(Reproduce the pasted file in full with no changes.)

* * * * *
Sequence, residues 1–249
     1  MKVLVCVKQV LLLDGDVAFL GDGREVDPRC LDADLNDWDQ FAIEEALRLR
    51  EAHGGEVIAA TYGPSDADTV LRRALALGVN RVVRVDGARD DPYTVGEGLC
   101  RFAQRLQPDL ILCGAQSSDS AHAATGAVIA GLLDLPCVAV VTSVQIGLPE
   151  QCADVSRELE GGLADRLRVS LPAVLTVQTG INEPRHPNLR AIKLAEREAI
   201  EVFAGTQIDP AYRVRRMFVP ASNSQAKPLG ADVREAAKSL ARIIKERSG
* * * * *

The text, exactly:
Sequence, residues 1–249
     1  MKVLVCVKQV LLLDGDVAFL GDGREVDPRC LDADLNDWDQ FAIEEALRLR
    51  EAHGGEVIAA TYGPSDADTV LRRALALGVN RVVRVDGARD DPYTVGEGLC
   101  RFAQRLQPDL ILCGAQSSDS AHAATGAVIA GLLDLPCVAV VTSVQIGLPE
   151  QCADVSRELE GGLADRLRVS LPAVLTVQTG INEPRHPNLR AIKLAEREAI
   201  EVFAGTQIDP AYRVRRMFVP ASNSQAKPLG ADVREAAKSL ARIIKERSG